Located 40 miles from Pensacola, Shalimar is much loved by tourists. Head to this place to access the Eglin Air Force Base and Gulfarium Marine Adventure Park, two outstanding attractions you won't quickly forget. Just 45 miles away is another neighboring destination that's well worth visiting. Destin is a handy place to access amazing attractions like Destin Commons and Big Kahuna's Water and Adventure Park.
Located north of the Bayou Texar from downtown Pensacola, the Pensacola International Airport is serviced by American Airlines, Delta Air Lines, Silver Airways, Southwest Airlines and United Airlines. Nonstop flights are available to major destinations around the country, including Houston, the District of Columbia and Miami. There is also a Greyhound bus terminal north of downtown near the intersection of Route 29 and Interstate 10.
Pensacola and several surrounding areas were devastated by Hurricane Ivan. Pensacola was on the eastern side of the eyewall, which sent a large storm surge into Escambia Bay; this destroyed most of the I-10 Escambia Bay Bridge. The storm knocked 58 spans off the eastbound and westbound bridges and misaligned another 66 spans, forcing the bridge to close to traffic in both directions. The surge also destroyed the fishing bridge that spanned Pensacola Bay alongside the Phillip Beale Memorial Bridge, locally known as the Three Mile Bridge.
The city of Pensacola utilizes a strong mayor-council form of government, which was adopted in 2011 after citizens voted in 2009 to approve a new city charter. An elected mayor serves as the chief executive of the city government, while a seven-member city council serves as the city's governing body. A council president is selected by the council from its members, along with a vice president.
As was the case in most of Florida, the Democratic primary was the real contest for most state and local elections until the 1970s. However, from the 1960s onward, due in part to the Republican Party's Southern strategy, residents of this staunchly conservative military and Bible Belt city began splitting their tickets and voting Republican in national elections. Despite this, Democrats continued to win most elections at the state and local level well into the 1990s, though most of them were very conservative even by Southern Democratic standards.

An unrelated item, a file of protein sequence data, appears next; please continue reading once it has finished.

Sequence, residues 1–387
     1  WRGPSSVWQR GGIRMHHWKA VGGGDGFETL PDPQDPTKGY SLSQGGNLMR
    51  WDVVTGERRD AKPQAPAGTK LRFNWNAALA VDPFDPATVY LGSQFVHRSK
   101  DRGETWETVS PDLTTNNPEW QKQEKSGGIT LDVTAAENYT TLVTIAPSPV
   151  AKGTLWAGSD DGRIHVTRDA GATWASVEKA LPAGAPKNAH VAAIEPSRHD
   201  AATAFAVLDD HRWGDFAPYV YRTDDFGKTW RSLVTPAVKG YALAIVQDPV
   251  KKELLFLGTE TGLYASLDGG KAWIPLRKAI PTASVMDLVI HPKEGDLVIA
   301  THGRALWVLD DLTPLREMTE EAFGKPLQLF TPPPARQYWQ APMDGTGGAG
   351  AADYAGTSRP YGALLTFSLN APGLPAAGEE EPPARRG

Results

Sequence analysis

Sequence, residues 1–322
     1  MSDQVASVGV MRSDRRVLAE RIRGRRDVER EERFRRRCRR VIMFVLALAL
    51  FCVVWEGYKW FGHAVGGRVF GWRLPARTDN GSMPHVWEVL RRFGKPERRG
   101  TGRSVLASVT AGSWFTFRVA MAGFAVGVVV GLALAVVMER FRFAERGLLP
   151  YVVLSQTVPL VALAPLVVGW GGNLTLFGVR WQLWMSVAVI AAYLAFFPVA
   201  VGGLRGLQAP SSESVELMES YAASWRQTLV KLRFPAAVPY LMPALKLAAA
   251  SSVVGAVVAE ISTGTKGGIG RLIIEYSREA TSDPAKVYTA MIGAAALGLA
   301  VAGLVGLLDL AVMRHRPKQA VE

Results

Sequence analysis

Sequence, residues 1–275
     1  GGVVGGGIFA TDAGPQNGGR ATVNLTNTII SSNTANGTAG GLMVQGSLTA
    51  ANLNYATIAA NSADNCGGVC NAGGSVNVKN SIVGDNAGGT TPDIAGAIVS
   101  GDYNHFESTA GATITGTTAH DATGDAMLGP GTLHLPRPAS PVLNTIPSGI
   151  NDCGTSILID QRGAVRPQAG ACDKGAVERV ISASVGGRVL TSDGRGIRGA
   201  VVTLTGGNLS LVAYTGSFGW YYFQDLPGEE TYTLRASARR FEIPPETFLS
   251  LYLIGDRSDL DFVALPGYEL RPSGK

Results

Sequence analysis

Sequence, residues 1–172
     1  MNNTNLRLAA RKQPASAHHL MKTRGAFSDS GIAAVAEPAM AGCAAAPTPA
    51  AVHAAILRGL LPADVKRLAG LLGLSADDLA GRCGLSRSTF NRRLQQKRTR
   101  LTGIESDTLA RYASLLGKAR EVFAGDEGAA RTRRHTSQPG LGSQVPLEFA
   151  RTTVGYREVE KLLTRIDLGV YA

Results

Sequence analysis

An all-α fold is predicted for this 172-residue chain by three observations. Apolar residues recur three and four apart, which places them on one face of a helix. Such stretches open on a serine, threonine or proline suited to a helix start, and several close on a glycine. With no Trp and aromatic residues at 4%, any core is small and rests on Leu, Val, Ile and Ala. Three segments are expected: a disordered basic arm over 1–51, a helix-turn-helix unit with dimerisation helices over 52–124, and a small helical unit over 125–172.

Pensacola is a sea port on Pensacola Bay, which connects to the Gulf of Mexico. A large United States Naval Air Station, the first in the United States, is located southwest of Pensacola (near the community of Warrington) and is home to the Blue Angels flight demonstration team and the National Naval Aviation Museum. The main campus of the University of West Florida is situated north of the city center.
During the early years of settlement, a tri-racial creole society developed. As a fortified trading post, the Spanish had mostly men stationed here. Some married or had unions with Pensacola, Creek or African women, both slave and free, and their descendants created a mixed-race population of mestizos and mulattos. The Spanish encouraged slaves from the southern British colonies to come to Florida as a refuge, promising freedom in exchange for conversion to Catholicism. King Charles II of Spain issued a royal proclamation freeing all slaves who fled to Spanish Florida and accepted conversion and baptism. Most went to the area around St. Augustine, but escaped slaves also reached Pensacola. St. Augustine had mustered an all-black militia unit defending Spain as early as 1683.